Colin Dowdall, director of insurance solutions at Loomis Sayles, explains why having a strong multi-asset strategy is as important as it has ever been.
1. How have you evolved the multi-asset strategy in the face of volatile conditions this year?
Loomis Sayles' selection as multi-asset manager of the year for a second year in a row is a result of significant sweat from many hands pulling in the same direction on the insurance and investment teams.
In the midst of market volatility, we have evolved our multi-asset approach through the utilisation of technology and by incorporating private assets into the investment process.
Our firm has invested heavily in developing fully integrated front office proprietary risk analytics and technology that enhances our investment approach for multi-asset investment mandates.
Insurers give us varying degrees of freedom to fully express tactical views, and we work closely in co-ordination with our clients to ensure that our views are optimised within the constraints and objectives of each mandate.
We have also found that, for certain insurers, the ability to incorporate private assets into our multi-asset portfolios has given us an additional tool to exploit the illiquidity premium. We have particularly found opportunity within the specialty finance and private ABS market, as these areas have provided an attractive premium to both the public markets and to traditional corporate private placements.
2. How has multi-asset investing helped insurers to deal with the higher rate environment?
Multi-asset investing is an attractive mandate for insurers that lack the ability to incorporate tactical insights into the day-to-day management of their portfolio. This may be due to a variety of reasons but, typically, complicated governance can serve as an impediment. We have seen a number of themes playing out this year. First, inflation has been stickier than perhaps initially anticipated, resulting in a hawkish Fed approach. Risk assets have rallied from lows, but the ride has been choppy. Credit spreads have held up despite flashing warning signals across markets.
This higher rate environment has been a remarkably net-positive event for insurers. The investment department at an insurer is well positioned to drive profits going forward in the face of challenging underwriting fundamentals. Multi-asset investing has been less focused on reaching for that extra basis point or two in favour of a back-to-basics approach. We have found that having a deep capability in structured assets has been important as relative value in consumer related assets have looked attractive vs. traditional high-yield corporate debt.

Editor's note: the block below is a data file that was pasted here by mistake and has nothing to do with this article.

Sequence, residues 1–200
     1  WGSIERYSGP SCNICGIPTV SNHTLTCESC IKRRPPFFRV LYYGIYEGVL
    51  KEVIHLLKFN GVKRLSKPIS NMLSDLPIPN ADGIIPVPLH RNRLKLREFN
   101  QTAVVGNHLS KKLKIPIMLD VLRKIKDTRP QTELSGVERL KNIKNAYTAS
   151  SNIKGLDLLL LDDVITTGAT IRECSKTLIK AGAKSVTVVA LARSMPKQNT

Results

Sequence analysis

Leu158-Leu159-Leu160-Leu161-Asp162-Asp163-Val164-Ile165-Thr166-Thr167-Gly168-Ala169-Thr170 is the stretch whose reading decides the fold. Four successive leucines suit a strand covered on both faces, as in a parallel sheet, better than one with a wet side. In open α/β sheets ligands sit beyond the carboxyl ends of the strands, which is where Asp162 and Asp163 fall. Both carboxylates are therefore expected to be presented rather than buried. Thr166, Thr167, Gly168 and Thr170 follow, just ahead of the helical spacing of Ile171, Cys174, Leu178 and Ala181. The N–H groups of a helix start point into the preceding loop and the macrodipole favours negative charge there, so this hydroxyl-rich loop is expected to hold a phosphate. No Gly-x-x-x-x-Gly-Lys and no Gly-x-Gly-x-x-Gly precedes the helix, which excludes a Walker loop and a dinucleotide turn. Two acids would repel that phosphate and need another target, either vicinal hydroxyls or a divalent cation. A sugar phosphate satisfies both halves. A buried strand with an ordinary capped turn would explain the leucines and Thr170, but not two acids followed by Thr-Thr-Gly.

3. Structured debt continues to grow in importance for insurers – is this trend here to stay even as rates offer higher traditional returns?
The structured debt market has been an important part of an insurance portfolio for decades - typically seen as part of an insurer's core portfolio.
The biggest area of growth in the structured market has been in the asset-based lending space. The opportunity for insurers has been accelerated due to the continued disintermediation of banks, which traditionally held these loans on their balance sheets. Insurers are uniquely positioned to underwrite the risks, particularly given the longer-term nature of an insurance balance sheet. We tend to like sectors that are backed by hard assets or the consumer and see the opportunity in structured assets in both the public syndicated market as well as the private market. There are only a handful of firms that have a track record of over 10 years in this particular part of the structured market.
We think this trend will continue as there are no signs of bank retrenchment letting up. Additionally, we believe that negative bond technicals, rather than fundamental concerns, are driving today's attractive spread levels in high-quality residential and consumer-related securitised assets compared to investment grade corporates.
4. What is your outlook on assets in the near-term?
We believe that we are in the midst of a broader structural shift from quantitative easing to quantitative tightening. During these periods we should expect that risk assets will come under some pressure. Additionally, we expect a shift away from the strength of the US Dollar. We favour markets that will drive long-term fundamental growth and generally have a positive view of emerging markets relative to developed markets, and local currencies over hard currency. We would advocate for maintaining a neutral credit beta relative to targets, and place risk in sectors that will be durable in the midst of a recession. However, we expect that any recession will likely be shallow, as the overall fundamentals appear to be strong and capable of withstanding some market pressure.